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J Pediatr. 2012 Nov;161(5):892-8. doi: 10.1016/j.jpeds.2012.04.056. Epub 2012 Jun 5.

Thermal imaging to assess age-related changes of skin temperature within the supraclavicular region co-locating with brown adipose tissue in healthy children.

Author information

1
The Early Life Nutrition Research Unit, Academic Division of Child Health, School of Clinical Sciences, University Hospital, Nottingham, United Kingdom. michael.symonds@nottingham.ac.uk

Abstract

OBJECTIVE:

To establish the feasibility of infrared thermal imaging as a reproducible, noninvasive method for assessing changes in skin temperature within the supraclavicular region in vivo.

STUDY DESIGN:

Thermal imaging was used to assess the effect of a standard cool challenge (by placement of the participant's feet or hand in water at 20°C) on the temperature of the supraclavicular region in healthy volunteer participants of normal body mass index in 3 age groups, 3-8, 13-18, and 35-58 years of age.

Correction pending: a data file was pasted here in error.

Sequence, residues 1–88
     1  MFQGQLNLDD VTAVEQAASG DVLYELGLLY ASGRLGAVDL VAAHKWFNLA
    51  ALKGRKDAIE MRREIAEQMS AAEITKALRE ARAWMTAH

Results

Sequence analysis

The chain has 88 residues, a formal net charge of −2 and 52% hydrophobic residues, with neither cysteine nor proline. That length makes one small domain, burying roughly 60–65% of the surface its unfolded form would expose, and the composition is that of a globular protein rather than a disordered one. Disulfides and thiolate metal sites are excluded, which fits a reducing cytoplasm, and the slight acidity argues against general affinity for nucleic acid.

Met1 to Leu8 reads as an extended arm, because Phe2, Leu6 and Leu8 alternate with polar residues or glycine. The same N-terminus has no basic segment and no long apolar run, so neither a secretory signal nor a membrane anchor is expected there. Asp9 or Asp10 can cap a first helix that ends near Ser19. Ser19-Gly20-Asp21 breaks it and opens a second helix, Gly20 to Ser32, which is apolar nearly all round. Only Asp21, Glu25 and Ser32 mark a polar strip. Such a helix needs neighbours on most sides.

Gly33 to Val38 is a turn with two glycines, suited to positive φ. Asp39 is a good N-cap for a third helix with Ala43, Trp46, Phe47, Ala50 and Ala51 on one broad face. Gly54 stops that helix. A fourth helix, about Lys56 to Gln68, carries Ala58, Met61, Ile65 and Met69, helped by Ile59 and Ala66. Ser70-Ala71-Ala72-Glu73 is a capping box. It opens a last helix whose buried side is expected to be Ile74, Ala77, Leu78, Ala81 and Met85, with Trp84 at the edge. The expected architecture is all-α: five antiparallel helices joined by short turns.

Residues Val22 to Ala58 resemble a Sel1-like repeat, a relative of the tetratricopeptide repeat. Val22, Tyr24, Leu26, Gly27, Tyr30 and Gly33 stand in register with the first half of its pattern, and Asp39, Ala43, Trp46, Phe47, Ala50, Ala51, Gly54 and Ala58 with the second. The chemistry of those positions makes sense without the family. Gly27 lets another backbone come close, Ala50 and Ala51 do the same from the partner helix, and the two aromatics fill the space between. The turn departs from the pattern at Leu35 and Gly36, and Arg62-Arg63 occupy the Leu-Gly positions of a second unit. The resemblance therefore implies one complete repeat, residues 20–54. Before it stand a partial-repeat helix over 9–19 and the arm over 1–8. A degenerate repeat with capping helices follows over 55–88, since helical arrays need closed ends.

RESULTS:

We demonstrated a highly localized increase in temperature within the supraclavicular region together with a significant age-related decline under both baseline and stimulated conditions.

CONCLUSION:

Thermogenesis within the supraclavicular region can be readily quantified by thermal imaging. This noninvasive imaging technique now has the potential to be used to assess brown adipose tissue function alone, or in combination with other techniques, in order to determine the roles of thermogenesis in energy balance and, therefore, obesity prevention.

PMID:
22677567
DOI:
10.1016/j.jpeds.2012.04.056
[Indexed for MEDLINE]

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